As for the plotline: I agree with you -- there wasnt much too it. Rather simplistic. But I wouldnt penalise the makers for that.
Ditto for the themes -- Old themes, not-so-new treatment either. But I am glad they did it anyway.
Also, I have to make a special mention of the concept of a "natural" biosphere and the idea that all beings are connected as part of a bigger system -- I think I had first read about this idea while doing a poem at school and I was fascinated then, and of course, the thought had remained with me since. And Avatar has done a great job of representing it to the people.
Another quick thought: I thought the difference between Na'vi world and the human world was striking! And you simply cannot miss it when the humans launch a direct attack and drive their huge guns and tanks and what-have-you into the Na'vi forest -- it was so ugly, it made me cringe.
Thats about all from my side.
~Mayuri

Suvro Chatterjee said...

Thanks for commenting so promptly, Mayuri!

Nishant said...

Dear Sir,
I’m glad that you watched the movie and liked it. As I’d told you before the concept of all living beings being connected by a bond (as mentioned in Lines Written in Early Spring) is what I’d liked a lot in this movie. And being my first 3D movie, I rather enjoyed it.
I was talking to the First Mate (a white Australian) on board and we got into a conversation about the indigenous people in Australia and New Zealand. When I asked him about Tasmania he said: ‘The white people killed them all mate. The last pure native in Tasmania died some time back.’ And there seemed to be a lot of contempt for the settlers in his voice, as also sadness and regret (though he didn’t have anything to do with it).
Thanks for the post.
Sincerely
Nishant.

Shilpi said...

Here I go again – commenting on a review of a movie that I have not seen…

I like this engaging review with its blobs of humour (Titanic - ack. How or why did that movie make it big! Special effects alone can make for nothing. Fantasizing and making that pay – Ah.) and the tracing of history and literature in a wide sweep and how maybe things have been continuing along the same way (I keep wondering whether history is the same thing over and over…), and ending on a question which makes one grow silent.

You're absolutely right about the ‘anti-establishment' bit - it has always made me curious how that is possible (probably making an Independence Day every now and again helps…), and they’re not all just fantasy and sci-fi – the ones that do launch an attack on the establishment. I can’t help but be reminded of some of the Bollywood movies which portrayed institutional and individual corruption, pettiness, and evil in all its grottiness. I don’t remember whether they became hits (some of them must have – I remember some of the Amitabh Bachchan movies apart from Ankush and Prahaar…). Do things change? I don’t know why they say that video games, violent movies, and exploitative cultural representations make people more violent in real life….what then happens with the movies that do provide some food for thought and urge us to be a little kinder, a little more considerate, and a little more conscious?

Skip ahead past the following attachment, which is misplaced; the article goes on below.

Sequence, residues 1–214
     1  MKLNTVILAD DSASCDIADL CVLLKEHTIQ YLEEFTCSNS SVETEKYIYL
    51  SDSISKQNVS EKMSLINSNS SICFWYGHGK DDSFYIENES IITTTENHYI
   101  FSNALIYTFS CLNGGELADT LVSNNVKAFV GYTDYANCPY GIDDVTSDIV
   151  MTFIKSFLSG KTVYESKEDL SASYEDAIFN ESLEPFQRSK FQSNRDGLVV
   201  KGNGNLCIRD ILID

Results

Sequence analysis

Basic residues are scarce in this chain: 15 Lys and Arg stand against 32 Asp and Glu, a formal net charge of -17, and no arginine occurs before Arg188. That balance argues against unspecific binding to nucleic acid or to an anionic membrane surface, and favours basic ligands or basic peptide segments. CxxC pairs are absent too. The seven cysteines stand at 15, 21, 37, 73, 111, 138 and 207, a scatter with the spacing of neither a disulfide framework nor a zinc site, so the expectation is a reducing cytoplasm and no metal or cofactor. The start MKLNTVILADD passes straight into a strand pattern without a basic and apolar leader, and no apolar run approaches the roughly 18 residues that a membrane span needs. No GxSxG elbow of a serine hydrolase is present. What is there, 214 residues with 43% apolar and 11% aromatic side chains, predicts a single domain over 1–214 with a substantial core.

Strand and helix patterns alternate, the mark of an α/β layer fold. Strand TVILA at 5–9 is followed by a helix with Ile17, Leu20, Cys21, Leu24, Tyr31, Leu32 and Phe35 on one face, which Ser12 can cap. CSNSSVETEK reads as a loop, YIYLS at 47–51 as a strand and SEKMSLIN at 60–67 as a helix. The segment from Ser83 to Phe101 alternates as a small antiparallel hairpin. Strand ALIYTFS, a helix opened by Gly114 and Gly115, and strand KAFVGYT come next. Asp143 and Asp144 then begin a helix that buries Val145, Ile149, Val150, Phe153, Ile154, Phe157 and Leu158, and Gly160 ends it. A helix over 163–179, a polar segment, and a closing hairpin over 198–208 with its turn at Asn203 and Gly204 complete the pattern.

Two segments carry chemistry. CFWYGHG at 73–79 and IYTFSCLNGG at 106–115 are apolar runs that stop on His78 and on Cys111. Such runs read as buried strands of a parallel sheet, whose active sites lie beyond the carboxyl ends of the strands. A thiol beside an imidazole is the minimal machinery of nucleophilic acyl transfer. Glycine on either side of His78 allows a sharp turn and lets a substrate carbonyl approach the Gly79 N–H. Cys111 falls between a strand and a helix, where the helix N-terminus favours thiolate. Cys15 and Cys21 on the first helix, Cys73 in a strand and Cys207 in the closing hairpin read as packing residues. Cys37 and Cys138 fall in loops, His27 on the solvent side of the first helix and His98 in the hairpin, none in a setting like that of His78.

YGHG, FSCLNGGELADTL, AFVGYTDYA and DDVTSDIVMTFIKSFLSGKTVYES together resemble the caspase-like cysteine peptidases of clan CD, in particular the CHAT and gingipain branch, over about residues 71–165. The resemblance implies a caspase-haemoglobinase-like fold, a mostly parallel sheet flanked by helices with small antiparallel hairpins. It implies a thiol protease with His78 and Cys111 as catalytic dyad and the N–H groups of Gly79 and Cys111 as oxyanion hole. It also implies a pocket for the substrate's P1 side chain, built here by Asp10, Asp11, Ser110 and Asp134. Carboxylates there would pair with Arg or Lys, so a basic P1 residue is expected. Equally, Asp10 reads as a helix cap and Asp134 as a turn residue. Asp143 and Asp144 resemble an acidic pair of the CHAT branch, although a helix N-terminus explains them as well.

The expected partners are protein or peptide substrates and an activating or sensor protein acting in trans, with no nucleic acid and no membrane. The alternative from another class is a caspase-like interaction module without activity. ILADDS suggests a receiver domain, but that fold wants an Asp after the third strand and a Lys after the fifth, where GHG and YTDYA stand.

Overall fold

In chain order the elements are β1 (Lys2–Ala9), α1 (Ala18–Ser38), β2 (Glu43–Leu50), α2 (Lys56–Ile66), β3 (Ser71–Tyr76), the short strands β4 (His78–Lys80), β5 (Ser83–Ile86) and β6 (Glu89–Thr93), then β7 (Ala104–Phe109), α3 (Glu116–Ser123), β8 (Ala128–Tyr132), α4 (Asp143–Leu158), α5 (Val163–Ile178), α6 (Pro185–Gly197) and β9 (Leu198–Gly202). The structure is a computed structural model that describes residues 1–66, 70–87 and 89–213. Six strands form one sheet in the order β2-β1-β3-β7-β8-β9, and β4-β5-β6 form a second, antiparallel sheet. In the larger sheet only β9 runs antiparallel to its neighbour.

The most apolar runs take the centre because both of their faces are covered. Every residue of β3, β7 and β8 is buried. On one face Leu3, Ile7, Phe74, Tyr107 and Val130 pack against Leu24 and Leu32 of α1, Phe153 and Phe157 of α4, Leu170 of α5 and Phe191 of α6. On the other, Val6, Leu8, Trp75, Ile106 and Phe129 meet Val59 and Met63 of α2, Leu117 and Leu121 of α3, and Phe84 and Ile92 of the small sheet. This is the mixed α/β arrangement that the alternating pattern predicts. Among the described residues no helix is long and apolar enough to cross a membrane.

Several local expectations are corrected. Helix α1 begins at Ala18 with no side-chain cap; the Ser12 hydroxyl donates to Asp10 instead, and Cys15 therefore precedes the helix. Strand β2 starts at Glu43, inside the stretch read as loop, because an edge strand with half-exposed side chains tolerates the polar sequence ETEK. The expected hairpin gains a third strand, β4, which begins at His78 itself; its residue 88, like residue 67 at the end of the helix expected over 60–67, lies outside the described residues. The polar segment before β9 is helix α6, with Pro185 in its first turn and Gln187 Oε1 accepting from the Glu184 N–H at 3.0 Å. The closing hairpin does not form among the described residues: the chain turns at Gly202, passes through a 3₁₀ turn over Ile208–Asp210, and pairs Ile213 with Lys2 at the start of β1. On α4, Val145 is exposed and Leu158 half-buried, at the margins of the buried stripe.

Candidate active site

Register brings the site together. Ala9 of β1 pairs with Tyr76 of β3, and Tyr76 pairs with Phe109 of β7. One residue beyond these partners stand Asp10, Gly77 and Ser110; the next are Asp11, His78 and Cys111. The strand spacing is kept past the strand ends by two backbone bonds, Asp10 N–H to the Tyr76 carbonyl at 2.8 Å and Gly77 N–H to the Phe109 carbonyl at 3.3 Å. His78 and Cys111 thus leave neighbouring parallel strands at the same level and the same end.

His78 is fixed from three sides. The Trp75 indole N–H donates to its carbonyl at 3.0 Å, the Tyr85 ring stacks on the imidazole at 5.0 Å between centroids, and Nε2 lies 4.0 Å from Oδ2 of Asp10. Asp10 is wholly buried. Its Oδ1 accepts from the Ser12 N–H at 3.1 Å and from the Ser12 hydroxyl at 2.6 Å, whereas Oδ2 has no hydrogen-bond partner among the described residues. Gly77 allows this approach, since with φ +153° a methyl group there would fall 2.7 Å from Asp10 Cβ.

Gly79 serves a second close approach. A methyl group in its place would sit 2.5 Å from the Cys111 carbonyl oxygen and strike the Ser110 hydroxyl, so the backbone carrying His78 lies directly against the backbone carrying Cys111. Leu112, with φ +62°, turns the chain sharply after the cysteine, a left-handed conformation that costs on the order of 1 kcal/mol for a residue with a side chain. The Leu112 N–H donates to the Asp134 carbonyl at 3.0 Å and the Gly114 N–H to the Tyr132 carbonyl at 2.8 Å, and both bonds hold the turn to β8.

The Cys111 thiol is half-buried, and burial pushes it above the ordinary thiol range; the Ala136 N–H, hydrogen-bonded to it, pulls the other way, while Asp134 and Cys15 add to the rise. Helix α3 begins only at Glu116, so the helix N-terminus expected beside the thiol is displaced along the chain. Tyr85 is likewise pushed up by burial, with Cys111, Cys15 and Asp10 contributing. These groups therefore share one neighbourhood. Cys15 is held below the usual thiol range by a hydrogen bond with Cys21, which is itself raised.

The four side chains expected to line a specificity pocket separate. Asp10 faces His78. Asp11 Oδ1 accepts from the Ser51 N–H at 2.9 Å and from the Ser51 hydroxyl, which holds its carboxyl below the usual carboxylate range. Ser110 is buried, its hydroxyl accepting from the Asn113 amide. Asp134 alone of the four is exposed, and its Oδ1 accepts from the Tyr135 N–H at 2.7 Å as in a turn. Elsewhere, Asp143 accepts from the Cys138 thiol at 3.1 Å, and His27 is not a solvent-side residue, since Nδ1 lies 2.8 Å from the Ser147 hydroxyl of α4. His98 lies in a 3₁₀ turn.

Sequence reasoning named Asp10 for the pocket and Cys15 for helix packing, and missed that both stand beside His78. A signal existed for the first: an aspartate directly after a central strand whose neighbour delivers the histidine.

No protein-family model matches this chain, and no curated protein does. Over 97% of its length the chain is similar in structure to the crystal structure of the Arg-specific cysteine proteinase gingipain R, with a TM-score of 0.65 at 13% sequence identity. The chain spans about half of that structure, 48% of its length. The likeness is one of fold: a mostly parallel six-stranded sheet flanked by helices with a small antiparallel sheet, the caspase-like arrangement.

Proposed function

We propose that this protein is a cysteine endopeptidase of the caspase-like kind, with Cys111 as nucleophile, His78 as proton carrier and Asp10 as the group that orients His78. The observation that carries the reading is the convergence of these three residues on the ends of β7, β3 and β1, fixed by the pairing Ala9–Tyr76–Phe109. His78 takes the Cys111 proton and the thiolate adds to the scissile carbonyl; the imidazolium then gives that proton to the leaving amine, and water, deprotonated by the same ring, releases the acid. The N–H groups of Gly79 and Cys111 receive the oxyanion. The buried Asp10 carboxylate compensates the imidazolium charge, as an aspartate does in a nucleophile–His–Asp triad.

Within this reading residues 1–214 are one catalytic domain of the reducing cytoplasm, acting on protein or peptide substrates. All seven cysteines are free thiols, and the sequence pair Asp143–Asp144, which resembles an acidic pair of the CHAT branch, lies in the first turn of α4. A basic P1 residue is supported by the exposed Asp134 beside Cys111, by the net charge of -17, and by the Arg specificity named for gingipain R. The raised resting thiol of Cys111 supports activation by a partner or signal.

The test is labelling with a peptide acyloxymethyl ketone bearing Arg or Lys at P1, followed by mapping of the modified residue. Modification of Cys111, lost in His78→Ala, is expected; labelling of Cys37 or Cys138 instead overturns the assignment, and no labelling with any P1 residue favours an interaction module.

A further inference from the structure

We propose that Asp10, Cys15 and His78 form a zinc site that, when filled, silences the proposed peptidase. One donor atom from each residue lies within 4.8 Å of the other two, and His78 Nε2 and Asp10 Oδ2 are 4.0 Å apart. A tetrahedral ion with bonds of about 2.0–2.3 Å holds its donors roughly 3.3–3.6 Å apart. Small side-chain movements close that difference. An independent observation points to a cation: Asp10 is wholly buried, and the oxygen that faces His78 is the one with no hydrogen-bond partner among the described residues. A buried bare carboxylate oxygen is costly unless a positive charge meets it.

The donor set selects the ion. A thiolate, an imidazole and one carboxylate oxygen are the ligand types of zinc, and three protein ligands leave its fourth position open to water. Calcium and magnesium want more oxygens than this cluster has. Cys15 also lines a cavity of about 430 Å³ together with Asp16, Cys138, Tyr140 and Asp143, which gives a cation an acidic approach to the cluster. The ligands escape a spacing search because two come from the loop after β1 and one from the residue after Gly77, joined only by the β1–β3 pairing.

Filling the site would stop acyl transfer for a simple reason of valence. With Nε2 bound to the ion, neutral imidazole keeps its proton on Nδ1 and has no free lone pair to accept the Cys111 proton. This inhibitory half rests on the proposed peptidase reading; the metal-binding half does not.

And of course you’re absolutely right about those experts who want to see anything and everything connected to imperialism as being noxious. They annoy me. I don’t know whom they think they are helping – why can’t people adopt a balanced and sane view without being incapacitated? I miss you not being in formal academia. A voice like yours may have helped to bring some sanity.

I've heard of anthropologists making a noise about the importance of conserving local knowledge, and I know that social scientists have been tom-tomming the importance of 'native knowledge' for at least thirty years now, and they've been talking about how nature must not be viewed as a resource to be exploited and that technology by itself can offer no long terms fixes and that economic development alone cannot be made the centre of all attention – leave alone social thinkers and writers who were talking about the same through the early 20th century - but who’s listening and who’s acting? And you pointed out in your essay on your Master’s word, that The Buddha was talking about the importance of conservation and the need to tread gently - and that was a long while ago....who’s listening?...Yet you also told me that some people were – some people in important places…

I can't help but feel rather sad and sceptical as I ponder over your questions at the end but I still hear (imagine I hear?) the tinkling of hope. I've been wondering for a long time now about why and how it's possible that mankind has made such enormous leaps in the field of technology and that not much else has changed. It's something that perplexes me to no end. (I guess the reason that this movie made it was also, in part, because it was seen as a technological marvel.) Maybe it really does, always has, and will come down to just a few specific individuals – who can both think and remember, and who also have the courage to speak the truth – carrying the rest of the world along until they can't.